Every family’s financial circumstances are different, but debt is something that many Americans have in common. The problem is not necessarily having debt, but not being able to pay it off. Worse yet, some people find themselves getting deeper into debt. While the 2005 Cambridge Consumer Credit Index shows that 25 percent of Americans consider paying off debt a top priority, a 2004 survey conducted by LendingTree found that more than half of those concerned about owing high debts had no definite financial plan for eliminating those debts.
Take small steps. Every expense you cut is money you can save. If you lack the discipline to do it yourself, have money automatically deducted from each paycheck. Whether you are putting money into a retirement account or automatically transferring a sum from your checking to your savings account each month, your goal is to keep the cash out of your hands.
Think again about how you spend your money. Ask yourself if it is costing you more than you can afford to remain living in your current home. Be honest about whether you are living beyond your means. Downsizing may be the more practical approach to saving money.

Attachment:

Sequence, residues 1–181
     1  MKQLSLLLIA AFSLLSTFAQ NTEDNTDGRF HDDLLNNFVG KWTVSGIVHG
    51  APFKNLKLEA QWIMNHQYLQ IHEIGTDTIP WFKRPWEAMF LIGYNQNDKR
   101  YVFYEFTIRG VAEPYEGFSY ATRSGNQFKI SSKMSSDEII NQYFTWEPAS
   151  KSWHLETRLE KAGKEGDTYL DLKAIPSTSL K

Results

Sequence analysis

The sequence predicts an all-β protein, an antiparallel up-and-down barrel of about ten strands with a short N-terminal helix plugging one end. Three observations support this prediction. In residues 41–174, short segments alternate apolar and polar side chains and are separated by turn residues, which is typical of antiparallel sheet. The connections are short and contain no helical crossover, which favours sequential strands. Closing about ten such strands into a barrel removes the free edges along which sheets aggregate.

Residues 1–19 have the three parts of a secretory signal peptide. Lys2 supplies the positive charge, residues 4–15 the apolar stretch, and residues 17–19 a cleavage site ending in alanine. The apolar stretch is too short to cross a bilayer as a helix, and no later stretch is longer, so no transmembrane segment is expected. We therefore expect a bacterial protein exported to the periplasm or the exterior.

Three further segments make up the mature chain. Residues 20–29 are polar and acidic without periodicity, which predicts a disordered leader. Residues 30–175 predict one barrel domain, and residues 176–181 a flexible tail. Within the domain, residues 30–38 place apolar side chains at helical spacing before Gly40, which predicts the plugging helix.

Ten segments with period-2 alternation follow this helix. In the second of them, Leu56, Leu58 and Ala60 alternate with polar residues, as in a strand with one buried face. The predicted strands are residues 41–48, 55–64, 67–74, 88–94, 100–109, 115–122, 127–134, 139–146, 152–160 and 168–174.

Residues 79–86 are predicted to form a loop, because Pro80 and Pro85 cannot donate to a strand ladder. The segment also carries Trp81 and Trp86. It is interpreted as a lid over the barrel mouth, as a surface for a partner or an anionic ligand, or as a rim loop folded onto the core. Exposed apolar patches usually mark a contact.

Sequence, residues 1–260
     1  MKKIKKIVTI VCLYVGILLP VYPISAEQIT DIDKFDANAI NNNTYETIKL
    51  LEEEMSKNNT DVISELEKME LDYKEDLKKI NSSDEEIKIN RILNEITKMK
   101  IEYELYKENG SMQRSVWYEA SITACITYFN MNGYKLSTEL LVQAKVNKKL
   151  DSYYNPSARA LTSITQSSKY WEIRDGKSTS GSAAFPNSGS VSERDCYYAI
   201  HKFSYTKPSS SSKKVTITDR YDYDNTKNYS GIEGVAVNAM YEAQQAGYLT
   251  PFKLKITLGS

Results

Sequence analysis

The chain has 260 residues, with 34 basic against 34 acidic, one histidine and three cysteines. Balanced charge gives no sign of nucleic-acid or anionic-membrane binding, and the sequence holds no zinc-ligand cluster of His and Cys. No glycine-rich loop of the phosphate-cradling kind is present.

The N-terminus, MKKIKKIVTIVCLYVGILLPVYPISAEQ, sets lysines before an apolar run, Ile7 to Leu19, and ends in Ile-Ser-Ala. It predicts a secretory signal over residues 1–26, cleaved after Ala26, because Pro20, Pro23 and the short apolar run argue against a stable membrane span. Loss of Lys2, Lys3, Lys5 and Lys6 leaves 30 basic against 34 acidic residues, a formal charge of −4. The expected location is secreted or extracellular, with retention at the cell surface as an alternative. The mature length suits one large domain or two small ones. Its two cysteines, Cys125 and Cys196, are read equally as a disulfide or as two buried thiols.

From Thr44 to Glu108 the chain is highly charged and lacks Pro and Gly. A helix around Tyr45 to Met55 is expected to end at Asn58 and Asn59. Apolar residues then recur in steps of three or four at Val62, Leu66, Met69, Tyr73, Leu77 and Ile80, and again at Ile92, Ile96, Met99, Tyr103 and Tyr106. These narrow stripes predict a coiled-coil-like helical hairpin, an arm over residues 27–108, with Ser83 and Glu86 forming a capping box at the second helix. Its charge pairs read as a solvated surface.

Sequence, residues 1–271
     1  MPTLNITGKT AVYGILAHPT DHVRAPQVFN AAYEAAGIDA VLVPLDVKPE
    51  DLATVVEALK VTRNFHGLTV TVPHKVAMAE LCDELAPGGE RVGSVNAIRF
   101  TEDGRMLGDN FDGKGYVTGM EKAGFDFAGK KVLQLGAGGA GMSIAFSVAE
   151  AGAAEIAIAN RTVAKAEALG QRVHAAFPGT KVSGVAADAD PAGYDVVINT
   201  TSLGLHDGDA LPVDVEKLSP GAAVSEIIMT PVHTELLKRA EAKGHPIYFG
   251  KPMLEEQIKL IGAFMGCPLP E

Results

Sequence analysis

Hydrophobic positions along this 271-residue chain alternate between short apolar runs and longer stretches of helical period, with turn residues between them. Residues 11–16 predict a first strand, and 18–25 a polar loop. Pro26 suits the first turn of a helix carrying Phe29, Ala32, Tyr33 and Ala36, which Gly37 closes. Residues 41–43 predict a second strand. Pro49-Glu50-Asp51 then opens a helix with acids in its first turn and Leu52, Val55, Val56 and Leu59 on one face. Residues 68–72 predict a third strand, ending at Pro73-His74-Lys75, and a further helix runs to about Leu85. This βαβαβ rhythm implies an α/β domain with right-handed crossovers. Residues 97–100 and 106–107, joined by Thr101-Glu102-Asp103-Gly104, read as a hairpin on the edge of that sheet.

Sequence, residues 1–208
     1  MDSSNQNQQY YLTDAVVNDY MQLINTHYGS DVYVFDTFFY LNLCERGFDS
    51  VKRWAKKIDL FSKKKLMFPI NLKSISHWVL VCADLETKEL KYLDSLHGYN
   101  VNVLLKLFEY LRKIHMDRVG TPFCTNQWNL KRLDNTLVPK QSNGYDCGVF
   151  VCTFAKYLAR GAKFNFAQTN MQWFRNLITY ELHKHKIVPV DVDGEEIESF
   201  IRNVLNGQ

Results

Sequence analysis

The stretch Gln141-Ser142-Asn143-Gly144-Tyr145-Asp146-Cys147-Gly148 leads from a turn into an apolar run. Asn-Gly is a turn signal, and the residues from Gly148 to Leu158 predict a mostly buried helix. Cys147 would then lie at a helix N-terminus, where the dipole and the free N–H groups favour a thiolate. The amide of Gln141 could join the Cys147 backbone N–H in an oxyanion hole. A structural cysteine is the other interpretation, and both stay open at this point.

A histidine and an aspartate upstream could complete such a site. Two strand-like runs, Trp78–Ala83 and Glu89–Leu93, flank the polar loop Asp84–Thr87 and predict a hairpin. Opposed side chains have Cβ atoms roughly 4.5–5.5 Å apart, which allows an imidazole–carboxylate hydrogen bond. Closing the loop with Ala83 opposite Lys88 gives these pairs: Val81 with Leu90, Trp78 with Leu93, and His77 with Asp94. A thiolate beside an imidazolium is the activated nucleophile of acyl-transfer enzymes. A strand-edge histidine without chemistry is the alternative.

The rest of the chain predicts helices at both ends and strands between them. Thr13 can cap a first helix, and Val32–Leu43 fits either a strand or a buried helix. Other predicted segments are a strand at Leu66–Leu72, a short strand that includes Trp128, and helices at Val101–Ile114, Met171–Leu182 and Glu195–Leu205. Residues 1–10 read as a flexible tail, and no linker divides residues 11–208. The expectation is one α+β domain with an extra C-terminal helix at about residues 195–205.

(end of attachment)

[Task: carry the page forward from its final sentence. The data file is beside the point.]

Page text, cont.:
Stay calm as you learn to handle your money. It may take you some time to get out of debt, but it can be done. Don’t be afraid to talk to your creditors, particularly credit card companies. Some may be willing to reduce your interest rate in order to make the remaining balance on the debt more manageable.
Use automatic bill pay options. This will keep you from paying late fees, especially if you have a habit of not paying your bills on time. Aside from saving you hundreds of dollars each year, you can raise your credit score. Even most utilities now allow you to make automatic bill paying arrangements.
Commit yourself to paying off one debt at a time. Start with your smallest debt or the one with the highest interest rate. Pay more than the minimum payment each month, using money that you save by cutting out non-essentials. When the debt is paid off, increase the monthly payment amount of the next debt in line until you rid yourself of that bill. Eventually, you will be able to pay more than the minimum payment due on your largest debt.
Make just one additional mortgage payment each year and pay off the debt five years earlier. If your budget does not allow you to make a full extra payment at the end of the year, divide it up over a 12-month period. You may save yourself tens of thousands of dollars in interest payments by the time you pay off the loan.